3 min read

These Caterpillars' Game Of "Follow The Leader" Will Leave You Dumbfounded

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Much like the triumphant processions of war-weary soldiers bearing the fruits of their victories home to ancient Greece and Rome, the march of Pine Processionary is a thing of great beauty, strength, and gore.

Here's what happens: the Pine Processionary caterpillar (which will one day blossom into a large, hairy moth) abandons the tree that's served as its host in search of a new site to deposit its pupae in the soil. All of a sudden, as many as three hundred caterpillars converge, lining up head to tail.

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As they walk, the caterpillars lay down a pheromone trail secreted from their abdomens, paving the way for others to follow.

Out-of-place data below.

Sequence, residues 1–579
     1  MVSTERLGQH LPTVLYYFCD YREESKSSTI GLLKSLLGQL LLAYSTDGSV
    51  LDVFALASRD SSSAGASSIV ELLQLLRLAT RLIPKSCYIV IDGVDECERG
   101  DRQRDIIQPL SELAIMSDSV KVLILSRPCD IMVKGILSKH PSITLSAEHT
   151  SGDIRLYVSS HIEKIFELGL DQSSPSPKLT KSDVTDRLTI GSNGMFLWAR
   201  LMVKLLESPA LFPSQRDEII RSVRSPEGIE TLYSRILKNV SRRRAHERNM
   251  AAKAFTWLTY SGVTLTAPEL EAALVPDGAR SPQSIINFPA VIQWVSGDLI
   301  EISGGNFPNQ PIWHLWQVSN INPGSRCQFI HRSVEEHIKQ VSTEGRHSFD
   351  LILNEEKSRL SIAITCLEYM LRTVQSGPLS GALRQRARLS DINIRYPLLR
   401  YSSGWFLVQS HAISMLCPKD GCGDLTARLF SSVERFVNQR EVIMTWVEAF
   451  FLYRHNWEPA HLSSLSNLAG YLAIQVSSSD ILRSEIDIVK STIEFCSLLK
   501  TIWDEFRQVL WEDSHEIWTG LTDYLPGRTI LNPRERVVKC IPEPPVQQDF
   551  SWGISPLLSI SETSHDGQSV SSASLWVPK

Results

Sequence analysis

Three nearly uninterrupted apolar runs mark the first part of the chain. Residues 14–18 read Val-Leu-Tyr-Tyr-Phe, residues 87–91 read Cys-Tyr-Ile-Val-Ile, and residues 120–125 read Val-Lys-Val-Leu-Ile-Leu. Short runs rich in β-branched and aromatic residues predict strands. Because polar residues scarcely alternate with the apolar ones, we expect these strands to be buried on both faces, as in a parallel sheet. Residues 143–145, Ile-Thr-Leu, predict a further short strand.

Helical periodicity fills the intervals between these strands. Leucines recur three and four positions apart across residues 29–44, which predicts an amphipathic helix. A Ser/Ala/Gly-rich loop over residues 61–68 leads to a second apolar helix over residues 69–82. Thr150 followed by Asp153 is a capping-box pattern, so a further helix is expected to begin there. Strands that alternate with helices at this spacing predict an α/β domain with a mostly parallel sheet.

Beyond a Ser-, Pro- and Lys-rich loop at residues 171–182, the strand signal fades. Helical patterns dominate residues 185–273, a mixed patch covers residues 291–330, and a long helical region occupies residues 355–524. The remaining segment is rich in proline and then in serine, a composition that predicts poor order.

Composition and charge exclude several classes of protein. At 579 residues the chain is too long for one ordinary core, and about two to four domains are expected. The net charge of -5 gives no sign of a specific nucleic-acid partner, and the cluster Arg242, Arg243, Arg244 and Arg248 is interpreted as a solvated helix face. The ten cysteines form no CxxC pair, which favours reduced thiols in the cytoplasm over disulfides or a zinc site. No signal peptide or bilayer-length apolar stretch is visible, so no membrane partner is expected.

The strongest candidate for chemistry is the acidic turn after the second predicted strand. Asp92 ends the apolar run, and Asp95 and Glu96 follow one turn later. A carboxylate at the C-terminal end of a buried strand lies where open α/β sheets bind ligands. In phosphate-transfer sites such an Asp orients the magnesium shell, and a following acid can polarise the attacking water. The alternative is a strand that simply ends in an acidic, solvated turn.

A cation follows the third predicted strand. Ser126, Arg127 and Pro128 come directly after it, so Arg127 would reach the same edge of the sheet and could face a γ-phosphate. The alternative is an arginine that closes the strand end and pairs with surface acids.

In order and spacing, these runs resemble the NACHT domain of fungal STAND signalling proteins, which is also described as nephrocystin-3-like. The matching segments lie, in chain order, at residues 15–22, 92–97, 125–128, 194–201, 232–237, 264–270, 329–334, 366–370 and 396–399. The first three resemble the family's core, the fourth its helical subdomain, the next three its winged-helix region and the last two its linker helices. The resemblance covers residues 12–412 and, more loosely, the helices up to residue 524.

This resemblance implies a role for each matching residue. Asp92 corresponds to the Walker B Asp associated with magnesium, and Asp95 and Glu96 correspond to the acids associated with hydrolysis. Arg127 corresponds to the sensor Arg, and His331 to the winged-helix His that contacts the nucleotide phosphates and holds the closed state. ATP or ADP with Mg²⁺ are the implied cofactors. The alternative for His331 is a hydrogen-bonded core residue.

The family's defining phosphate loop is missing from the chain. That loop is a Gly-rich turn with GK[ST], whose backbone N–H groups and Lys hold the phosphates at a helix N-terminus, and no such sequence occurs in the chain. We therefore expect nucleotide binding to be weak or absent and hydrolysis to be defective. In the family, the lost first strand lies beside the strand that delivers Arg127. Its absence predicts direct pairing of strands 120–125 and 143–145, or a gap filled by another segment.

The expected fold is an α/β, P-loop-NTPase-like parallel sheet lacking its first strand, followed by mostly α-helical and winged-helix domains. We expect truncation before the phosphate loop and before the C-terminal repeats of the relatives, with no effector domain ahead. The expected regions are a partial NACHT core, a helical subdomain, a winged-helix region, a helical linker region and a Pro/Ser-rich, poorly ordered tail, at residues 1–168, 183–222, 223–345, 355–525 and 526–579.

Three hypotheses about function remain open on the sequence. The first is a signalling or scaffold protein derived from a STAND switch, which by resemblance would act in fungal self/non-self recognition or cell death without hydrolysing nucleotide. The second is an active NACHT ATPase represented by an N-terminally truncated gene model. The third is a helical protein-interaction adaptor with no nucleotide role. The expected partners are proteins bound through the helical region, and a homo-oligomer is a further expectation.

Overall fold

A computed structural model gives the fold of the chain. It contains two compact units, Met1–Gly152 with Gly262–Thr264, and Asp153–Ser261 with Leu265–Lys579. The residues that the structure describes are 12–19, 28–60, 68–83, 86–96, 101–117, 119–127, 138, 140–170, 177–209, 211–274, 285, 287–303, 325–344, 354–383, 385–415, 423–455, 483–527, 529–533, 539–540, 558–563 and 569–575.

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They can actually tell -- and prefer -- to follow trails with larger numbers of caterpillars.

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They keep close behind the guy in front, using hairlike structures attached to the tips of their abdomens to know which way to go.

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Though they may look like harmless followers, the caterpillars are anything but docile -- like spikes on the armor of an ancient fighter, they are supremely protected by a set of hairs that cause severe irritation to anyone who touches them. The larvae can even eject their hairs when threatened, creating tiny harpoons that lodge in nearby flesh. Soldier on, warriors.